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updated: 4/9/2013 8:13 AM

Quincy roller derby still popular

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  • The Dark River Derby Coalition women's roller derby team, divided up into two teams, practice at Scotties Fun Spot in Quincy.

      The Dark River Derby Coalition women's roller derby team, divided up into two teams, practice at Scotties Fun Spot in Quincy.
    Associated Press

  • Members of the Dark River Derby Coalition women's roller derby team practice at Scotties Fun Spot in Quincy.

      Members of the Dark River Derby Coalition women's roller derby team practice at Scotties Fun Spot in Quincy.
    Associated Press

 
Associated Press

QUINCY -- J.J. Magliocco says she is a lifer.

"Once roller derby is in your blood, you will never be able to get rid of it," she said. "In some way, I will always be connected with roller derby. It's very important to me."

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Magliocco is one of the founding members of the Dark River Derby Coalition, Quincy's flat-track women's roller derby team that is gearing up for its third season. The Dark River girls raise funds for local charitable organizations while helping reinvent the image of roller derby, which in the 1970s was considered more spectacle than sport -- kind of like pro wrestling on wheels.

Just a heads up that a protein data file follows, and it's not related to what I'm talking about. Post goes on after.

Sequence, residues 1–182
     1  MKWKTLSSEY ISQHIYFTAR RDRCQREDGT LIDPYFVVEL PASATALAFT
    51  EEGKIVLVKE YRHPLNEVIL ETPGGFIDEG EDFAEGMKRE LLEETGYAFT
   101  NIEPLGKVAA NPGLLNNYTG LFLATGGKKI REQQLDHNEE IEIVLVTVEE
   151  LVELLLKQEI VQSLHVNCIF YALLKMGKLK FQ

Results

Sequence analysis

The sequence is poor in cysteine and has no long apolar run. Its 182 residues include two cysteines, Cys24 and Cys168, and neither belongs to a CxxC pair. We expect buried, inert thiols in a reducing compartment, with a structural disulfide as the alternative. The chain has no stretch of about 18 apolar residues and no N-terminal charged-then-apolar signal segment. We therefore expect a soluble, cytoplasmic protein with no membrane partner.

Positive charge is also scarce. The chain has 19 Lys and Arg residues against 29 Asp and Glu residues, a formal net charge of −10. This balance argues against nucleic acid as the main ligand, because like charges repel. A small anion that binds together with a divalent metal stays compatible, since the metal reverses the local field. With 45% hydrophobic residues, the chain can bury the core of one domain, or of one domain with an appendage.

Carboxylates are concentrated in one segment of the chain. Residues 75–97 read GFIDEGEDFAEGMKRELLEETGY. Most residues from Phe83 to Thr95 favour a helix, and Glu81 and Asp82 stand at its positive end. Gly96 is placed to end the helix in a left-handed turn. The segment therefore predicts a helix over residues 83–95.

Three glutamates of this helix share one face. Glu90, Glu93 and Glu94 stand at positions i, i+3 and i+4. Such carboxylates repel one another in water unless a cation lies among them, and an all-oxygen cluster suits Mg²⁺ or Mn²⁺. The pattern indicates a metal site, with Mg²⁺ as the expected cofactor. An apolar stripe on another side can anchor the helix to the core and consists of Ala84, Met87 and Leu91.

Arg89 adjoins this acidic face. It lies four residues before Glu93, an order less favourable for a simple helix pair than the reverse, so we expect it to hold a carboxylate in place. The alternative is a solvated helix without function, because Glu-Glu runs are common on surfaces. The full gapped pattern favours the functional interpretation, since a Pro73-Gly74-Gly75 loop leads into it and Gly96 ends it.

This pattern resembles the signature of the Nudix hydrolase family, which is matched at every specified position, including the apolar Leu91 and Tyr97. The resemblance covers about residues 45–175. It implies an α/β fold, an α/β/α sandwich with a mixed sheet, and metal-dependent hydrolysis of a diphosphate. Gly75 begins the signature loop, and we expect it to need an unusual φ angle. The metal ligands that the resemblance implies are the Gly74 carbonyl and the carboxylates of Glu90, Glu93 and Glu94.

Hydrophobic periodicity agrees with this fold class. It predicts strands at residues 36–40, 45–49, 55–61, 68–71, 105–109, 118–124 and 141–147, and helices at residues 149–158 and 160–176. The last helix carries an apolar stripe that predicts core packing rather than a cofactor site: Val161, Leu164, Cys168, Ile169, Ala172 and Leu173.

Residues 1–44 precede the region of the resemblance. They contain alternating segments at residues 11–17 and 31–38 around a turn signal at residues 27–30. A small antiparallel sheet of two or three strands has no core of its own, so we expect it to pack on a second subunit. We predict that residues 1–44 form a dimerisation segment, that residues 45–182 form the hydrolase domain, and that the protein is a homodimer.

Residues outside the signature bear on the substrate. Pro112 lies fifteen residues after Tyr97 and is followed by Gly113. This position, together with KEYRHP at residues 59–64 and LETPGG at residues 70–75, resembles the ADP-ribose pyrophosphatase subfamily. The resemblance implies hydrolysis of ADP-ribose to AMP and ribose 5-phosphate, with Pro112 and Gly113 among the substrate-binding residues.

But this is not your father's roller derby.

"Throw away all of those preconceived notions you might have about roller derby," Magliocco said. "Take away everything you think you know and just throw it out. ... It's not true."

New-age roller derby is legit and combines full-contact athleticism with "campy whimsy," according to the official Dark River mantra, to create a world of alter egos and family-friendly fun. Teams win, teams lose, and statistics are kept.

"It's not a fake sport. It is not orchestrated. The hits, injuries, plays and penalties are all real," Jessica Patel said.

Patel is another of the team's founders and the Dark River Derby Coalition president. When she's not on skates, Patel is a licensed clinical psychologist.

"The bumps and bruises are the fun part," she said. "The hardest thing is balancing time, work, family, derby and practice."

Part of the attraction of the new millennium version of roller derby is the girls' aliases and fake personas, which are a throwback to the old days of late-night television matches featuring the L.A. T-Birds. For example, Magliocco is known as Scarlet Slamurai when she puts her skates on. Patel is Patella Crusher.

Regular followers of the Dark River girls are probably familiar with the likes of Tarra Lip-Off, Ram Skillet, Misty Mount `N Stop, Suzannthrax, Pryor Offense, Megarotta the Wicked and many others who make up the Quincy roster.

One of the interesting "resumes" belongs to zombie wannabe Kate Gnash: "Half dead, all awesome."

"Our resident flesh-eating member of the walking dead doesn't let the side effects of zombie-ism slow her down," Magliocco said, tongue firmly in cheek.